His compassion and kindness showed up always. He carried containers of dog food in the back of his patrol car for the occasional hungry stray dog. He would give the homeless change, coffee or tea, something to eat, always a few kind words, and the most valuable gift one can give – his attention. His wife Veronica’s mother had bought a Persian Lamb coat as World War II began that she passed on to her. Vera wore it a few times, and put it away in the back of a closet, where it stayed for years. One day she noticed the coat missing. She asked Louie if he had seen it. He told her, in a matter-of-fact tone, “I got rid of that old coat. I found someone who really needed it.” Louie had given it to a homeless woman at the train station on Church Avenue. He got into a bit of trouble, but not for long. Vera was as loving as he was.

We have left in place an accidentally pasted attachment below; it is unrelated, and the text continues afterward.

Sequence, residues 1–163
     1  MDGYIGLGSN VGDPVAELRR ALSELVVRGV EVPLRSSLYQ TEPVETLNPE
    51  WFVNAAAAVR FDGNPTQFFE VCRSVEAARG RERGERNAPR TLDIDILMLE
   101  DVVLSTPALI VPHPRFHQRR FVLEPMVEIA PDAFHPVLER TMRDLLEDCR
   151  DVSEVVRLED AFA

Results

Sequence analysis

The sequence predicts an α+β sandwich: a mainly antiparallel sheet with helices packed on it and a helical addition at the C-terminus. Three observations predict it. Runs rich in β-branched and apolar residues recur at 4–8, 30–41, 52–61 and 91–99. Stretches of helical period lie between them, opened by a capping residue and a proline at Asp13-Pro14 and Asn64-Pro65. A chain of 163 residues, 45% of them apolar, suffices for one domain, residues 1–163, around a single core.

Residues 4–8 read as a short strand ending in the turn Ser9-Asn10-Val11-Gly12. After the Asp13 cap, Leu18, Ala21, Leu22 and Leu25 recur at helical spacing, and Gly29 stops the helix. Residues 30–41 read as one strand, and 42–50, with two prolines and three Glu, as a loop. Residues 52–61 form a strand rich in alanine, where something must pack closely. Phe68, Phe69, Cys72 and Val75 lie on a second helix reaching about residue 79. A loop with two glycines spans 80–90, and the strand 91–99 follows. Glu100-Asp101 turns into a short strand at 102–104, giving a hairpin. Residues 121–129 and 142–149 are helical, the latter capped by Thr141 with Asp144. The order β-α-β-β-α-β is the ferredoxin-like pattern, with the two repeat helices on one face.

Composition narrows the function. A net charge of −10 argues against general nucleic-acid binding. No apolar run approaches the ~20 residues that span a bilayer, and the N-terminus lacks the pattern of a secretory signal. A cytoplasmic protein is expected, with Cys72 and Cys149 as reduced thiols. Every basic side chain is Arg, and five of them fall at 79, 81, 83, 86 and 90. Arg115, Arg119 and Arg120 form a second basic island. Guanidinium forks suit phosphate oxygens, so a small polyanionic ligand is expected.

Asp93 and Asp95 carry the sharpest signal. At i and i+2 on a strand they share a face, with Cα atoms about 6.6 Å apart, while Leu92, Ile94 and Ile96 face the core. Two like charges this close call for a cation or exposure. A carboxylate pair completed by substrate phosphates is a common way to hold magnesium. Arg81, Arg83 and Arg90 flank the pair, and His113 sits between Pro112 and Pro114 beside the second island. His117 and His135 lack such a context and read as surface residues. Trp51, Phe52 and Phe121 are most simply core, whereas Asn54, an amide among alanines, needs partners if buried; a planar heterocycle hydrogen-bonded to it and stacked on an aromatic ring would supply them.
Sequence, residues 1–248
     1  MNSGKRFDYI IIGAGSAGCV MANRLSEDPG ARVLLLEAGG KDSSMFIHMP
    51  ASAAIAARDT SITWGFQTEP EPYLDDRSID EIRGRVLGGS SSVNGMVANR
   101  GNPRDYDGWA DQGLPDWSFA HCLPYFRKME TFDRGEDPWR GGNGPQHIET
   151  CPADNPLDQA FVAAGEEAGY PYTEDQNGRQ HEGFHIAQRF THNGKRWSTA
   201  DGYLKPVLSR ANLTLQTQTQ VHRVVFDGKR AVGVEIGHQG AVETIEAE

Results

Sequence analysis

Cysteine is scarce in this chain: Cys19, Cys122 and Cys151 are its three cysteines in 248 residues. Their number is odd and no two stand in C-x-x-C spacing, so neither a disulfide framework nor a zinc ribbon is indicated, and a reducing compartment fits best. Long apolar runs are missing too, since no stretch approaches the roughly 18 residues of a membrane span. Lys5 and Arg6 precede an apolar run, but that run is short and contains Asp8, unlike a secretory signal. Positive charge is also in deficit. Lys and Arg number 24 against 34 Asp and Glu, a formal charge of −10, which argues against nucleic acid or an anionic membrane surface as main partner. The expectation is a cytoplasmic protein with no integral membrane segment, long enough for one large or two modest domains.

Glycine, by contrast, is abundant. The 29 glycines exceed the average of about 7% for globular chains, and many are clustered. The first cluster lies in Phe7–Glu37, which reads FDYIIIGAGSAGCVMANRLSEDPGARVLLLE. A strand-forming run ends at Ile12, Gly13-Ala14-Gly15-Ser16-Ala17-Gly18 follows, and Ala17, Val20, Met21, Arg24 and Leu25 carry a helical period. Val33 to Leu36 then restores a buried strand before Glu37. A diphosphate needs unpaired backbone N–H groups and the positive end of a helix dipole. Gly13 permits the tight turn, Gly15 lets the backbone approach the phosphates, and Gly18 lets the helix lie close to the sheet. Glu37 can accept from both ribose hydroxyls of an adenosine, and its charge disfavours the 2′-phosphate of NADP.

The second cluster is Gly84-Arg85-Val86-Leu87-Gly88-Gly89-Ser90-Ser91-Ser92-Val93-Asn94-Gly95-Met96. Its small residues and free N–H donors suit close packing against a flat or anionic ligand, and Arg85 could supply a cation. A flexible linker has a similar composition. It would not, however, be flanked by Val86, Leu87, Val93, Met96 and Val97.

35 years ago this past March 11, in 1987, I was assigned as the desk officer of the 61st Precinct. Desiree, a police officer who was being trained in Louie’s unit, came down the stairs and walked quickly toward the desk, looking at me from the moment she came out of the stairway. Desiree was very pleasant and was always smiling, but as she walked quickly toward me, her face was very serious. Before she even got to me, from about twenty feet away, she said, “Louie was shot.” I stared at Desiree; she stared back at me, both with a look of helpless disbelief. For a moment, everything seemed to stop – my thoughts, my body, and time. Then, a few moments later, I heard that Louie might not make it. And within the hour, The Commander had died. That bad news traveled quickly. It spread throughout the entire NYPD, to every station house in every borough, every patrol car, to every cop on a foot post. And the momentary paralysis Desiree and I shared was felt by every one of New York’s Finest. A cop was shot in the 70, and he didn’t make it.